How to Make Your Own Christmas Tree From Horseshoes

by Brenda Priddy, Demand Media

    A horseshoe Christmas tree is a simple project that can add to any Western Christmas theme. A Western Christmas theme uses rustic materials for decorations and old-fashioned foods to give the holiday a country flair. A horseshoe Christmas tree finishes the theme and takes just a few tools to complete. Use high-quality soldering tools to ensure a firm bond between the separate horseshoes. Make the Christmas tree two or three days in advance to allow plenty of cooling and drying time before use. You can prop the tree against the wall, or use hanging brackets to hang the tree on a wall.

    Step 1

    Cut the solder pieces into 1 inch sections. Soak the pieces in solder pickling for about one hour. Soaking the pieces helps them fuse to the horseshoe iron with a longer-lasting bond.

    Step 2

    Heat the soldering gun. Melt a 1-inch piece of solder against the side of a horseshoe. While the metal is still hot, press a second horseshoe against the metal. Make sure both shoes face the same direction. Melt another 1-inch section of solder between the joint where the two pieces meet. Set your first line of two horseshoes aside. Solder four horseshoes together in a line using the same method. Solder a line of three horseshoes and another line of two horseshoes. Allow the solder to cool completely.

    Step 3

    Solder the line of two horseshoes to the middle of the line of four horseshoes. Make the two horseshoes face down, and the four face up.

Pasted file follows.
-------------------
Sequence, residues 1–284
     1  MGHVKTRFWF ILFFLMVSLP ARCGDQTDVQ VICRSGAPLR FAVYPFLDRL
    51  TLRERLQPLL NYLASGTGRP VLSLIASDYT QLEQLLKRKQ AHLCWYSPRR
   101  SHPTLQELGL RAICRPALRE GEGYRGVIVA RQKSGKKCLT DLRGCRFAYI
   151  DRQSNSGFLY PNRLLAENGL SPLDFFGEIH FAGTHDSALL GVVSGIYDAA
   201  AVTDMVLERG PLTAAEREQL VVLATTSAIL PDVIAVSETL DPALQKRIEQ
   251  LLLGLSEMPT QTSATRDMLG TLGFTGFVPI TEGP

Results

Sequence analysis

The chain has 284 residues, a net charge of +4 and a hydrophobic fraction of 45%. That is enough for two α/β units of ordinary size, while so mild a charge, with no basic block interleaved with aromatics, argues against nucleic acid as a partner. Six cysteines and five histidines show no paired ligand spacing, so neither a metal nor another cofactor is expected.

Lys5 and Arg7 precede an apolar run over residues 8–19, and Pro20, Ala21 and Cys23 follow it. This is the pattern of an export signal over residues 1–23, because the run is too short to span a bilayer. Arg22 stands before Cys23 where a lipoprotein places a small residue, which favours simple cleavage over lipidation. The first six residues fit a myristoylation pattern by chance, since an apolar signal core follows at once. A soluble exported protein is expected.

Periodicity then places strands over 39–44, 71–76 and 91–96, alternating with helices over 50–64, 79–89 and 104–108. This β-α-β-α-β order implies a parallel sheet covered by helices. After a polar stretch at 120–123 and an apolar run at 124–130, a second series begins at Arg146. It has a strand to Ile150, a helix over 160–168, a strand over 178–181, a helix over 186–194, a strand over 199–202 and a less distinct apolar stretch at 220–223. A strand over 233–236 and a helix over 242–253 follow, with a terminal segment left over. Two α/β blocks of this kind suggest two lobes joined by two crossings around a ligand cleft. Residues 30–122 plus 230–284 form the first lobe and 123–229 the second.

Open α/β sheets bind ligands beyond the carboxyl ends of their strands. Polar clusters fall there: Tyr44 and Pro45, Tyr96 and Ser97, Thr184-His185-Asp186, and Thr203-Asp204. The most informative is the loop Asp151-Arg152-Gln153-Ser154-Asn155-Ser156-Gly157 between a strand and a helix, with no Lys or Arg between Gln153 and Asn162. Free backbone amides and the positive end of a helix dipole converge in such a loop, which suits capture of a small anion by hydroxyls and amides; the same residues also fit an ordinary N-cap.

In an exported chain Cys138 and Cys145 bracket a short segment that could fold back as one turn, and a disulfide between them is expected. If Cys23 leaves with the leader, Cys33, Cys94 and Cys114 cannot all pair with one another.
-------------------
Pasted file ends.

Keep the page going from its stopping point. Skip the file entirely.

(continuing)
Step 4

    Solder the bottom of the three horseshoes to the top of the four horseshoes. Repeat the process for the second line of two and the last single horseshoe. You should now have a tree shape. Allow the solder to cool completely.

    Step 5

    Solder two hanging brackets to the back of the horseshoes if you want to hang the tree on a wall.

    Step 6

    Spray paint the horseshoes green. You can paint the bottom two horseshoes brown, or also paint them green.

    Step 7

    Add small Christmas ornaments to the tree to complete the rustic look.

    References

    About the Author

    Brenda Priddy has more than 10 years of crafting and design experience, as well as more than six years of professional writing experience. Her work appears in online publications such as Donna Rae at Home, Five Minutes for Going Green and Daily Mayo. Priddy also writes for Archstone Business Solutions and holds an Associate of Arts in English from McLennan Community College.

    Photo Credits

    • Hemera Technologies/AbleStock.com/Getty Images